The Court House was not the only building damaged during the Civil War. General Imboden’s artillery targeted all of the buildings on Public Square and all were damaged. One post-Civil War visitor to Charlestown (one word in 1869) noted that the jail, like the Court House, was “also roofless and torn out,” adding that both buildings “had been despoiled by soldiers to make quarters.” So, the combination of barracks and bombs bashed both the Court House and the jail rendering them unsuited for use. As mentioned in the Court House article, the ruined state of both buildings, plus the old market house, was among the factors which resulted in the County Seat being moved from Charlestown to Shepherdstown.
While the County Seat was in Shepherdstown, the old Court House and jail in Charlestown were out of the sight but not out of the minds of the Board of Supervisors. Spurred on by grumbling about the crumbling state of the Court House and jail, during its January 1868 session, the Board of Supervisors in Shepherdstown appointed a Charlestown man to “take charge of the Court House and Jail property.” Jonathan H. Haines represented the Charlestown Township on the County Court and as such assumed the role of caretaker of the former county property still standing on Public Square. A tobacconist by trade, there is no record of what work, if any, Haines had done on either the Court House or the jail. The Charlestown papers, especially the Spirit of Jefferson, were skeptical of the court’s motives. Spirit Editor Benjamin Franklin Beall wrote, “this property has already been too long exposed to the storms of winter, and we are glad to see that that there is at least some show that it will now be cared for.” Tongue in cheek, Beall added, “we suggest that for the present, to prevent further vandalism, he [Haines] gather together these relics of the past, and house them under his immense sign.”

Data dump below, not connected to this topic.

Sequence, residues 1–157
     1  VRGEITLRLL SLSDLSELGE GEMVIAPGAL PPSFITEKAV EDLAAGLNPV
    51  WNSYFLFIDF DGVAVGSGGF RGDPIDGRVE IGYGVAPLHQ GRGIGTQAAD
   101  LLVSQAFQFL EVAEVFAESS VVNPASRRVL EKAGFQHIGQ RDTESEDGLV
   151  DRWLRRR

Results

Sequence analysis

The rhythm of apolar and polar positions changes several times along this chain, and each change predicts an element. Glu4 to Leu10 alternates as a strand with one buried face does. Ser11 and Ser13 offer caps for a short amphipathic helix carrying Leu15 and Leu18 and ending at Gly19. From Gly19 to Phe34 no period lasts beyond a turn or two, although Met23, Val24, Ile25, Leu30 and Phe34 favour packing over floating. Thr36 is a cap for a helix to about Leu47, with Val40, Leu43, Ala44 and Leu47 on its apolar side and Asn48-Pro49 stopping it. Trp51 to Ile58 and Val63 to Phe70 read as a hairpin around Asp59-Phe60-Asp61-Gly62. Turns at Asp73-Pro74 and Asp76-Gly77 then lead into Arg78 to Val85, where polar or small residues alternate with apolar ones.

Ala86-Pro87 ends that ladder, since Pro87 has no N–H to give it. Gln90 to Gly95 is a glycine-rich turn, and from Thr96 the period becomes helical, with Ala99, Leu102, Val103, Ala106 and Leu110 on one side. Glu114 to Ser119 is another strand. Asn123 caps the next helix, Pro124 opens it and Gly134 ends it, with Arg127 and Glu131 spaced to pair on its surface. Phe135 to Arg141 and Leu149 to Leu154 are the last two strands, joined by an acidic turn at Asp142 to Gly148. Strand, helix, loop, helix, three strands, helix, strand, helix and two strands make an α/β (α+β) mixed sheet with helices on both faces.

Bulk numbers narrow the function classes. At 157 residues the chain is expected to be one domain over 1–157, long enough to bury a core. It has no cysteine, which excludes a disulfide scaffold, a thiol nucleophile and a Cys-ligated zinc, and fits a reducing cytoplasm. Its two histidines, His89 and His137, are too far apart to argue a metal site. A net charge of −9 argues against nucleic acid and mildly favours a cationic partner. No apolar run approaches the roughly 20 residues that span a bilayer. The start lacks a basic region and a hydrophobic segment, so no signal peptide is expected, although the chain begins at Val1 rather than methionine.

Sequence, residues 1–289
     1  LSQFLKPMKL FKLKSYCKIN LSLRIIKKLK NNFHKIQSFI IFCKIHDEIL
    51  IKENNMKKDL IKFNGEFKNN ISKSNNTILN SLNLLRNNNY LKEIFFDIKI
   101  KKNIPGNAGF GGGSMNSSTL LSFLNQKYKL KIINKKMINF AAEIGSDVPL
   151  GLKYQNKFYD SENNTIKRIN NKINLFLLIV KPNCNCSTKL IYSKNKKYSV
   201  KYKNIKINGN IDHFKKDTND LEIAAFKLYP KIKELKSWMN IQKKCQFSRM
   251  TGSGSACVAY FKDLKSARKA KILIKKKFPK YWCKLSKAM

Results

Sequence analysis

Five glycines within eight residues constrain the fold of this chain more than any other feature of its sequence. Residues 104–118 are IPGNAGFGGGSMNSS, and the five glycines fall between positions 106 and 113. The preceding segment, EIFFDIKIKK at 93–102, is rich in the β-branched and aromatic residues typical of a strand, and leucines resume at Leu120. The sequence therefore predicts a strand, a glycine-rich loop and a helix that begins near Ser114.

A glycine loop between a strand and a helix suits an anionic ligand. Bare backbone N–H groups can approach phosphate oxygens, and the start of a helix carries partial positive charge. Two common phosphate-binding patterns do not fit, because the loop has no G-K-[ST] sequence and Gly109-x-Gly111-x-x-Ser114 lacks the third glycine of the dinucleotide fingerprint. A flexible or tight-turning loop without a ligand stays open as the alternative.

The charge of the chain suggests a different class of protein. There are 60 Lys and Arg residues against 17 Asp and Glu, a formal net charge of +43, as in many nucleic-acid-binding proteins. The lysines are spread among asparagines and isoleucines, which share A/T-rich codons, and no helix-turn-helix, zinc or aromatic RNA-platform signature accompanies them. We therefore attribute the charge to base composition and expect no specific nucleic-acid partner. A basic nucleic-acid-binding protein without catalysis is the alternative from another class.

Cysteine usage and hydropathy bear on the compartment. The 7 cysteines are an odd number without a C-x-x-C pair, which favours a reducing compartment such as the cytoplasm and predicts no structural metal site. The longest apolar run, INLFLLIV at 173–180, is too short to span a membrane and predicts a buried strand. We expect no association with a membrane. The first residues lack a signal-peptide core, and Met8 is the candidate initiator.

Haines ignored the suggestion to move the remains of the Court House and jail to the protection of his store’s sign. Instead he and his fellow supervisors played their ace card—they decided to sell the old jail and the jail lot.
Advertisements for public auctions appeared on Page 3 of the Spirit of Jefferson. The May 4 issue announced that on Saturday, June 5, 1869, at 2 p.m., “The Materials Contained in the OLD JAIL, The Brick as They Stand in the Wall, and Also the Stone Wall back of the Jail, and the Stone contained in the Foundation, and all other materials contained in the Building” would be sold at an auction held in front of the old jail. “Several Iron Doors and Windows” were also advertised for sale effectively eliminating any trace of the old jail. The advert also gave notice that “At the Same Time and Place, The Lot will be sold.” For several months prior to this public notice, there had been rumblings about taking action to bring the County Seat back to Charlestown. The advert turned the rumbling into a roar and a citizens group was formed to pressure the West Virginia Legislature to return the County Seat to its original home.
Two Charlestown residents, William Crow and David Howell, put on their thinking caps and decided to start with the town’s founder—Charles Washington. They knew that Charles had died before his town became the County Seat, but they also knew that his son, Samuel, per his father’s wish, had conveyed the lots on Public Square for public use. Crow and Howell sought to determine who owned the land on Public Square and that led them to Deed Book 1, Page 116. There they discovered that on August 31st, 1801, Samuel Washington and wife Dorothea “did grant, bargain and sell four half Lotts [sic] of ground situate in Charlestown” to 17 “Gentlemen of the county of Berkeley.” Berkeley? Yes, Berkeley County—the act establishing Mr. Jefferson’s County would not take effect for another two months.
To Crow and Howell, the verbiage of the deed seemed to make it clear that the lots were given to “the inhabitants of the town,” but that if the ground was not used for public buildings, in their opinion the ownership of the lots on Public Square would revert to the Washington family. They sought legal advice and approached attorney John Willoughby Kennedy who concurred with their view. Kennedy drew up an injunction to stop the sale of the jail property, reached out to his friend Richard Blackburn Washington, a great-great nephew of Charles Washington, and together they approached Judge Joseph A. Chapline. “After examination of the points raised in the bill, which were tersely presented,” Judge Chapline supported Crow and Howell’s opinion, found in favor of Kennedy and Washington, and granted the injunction which stopped the June 5 sale of the jail property.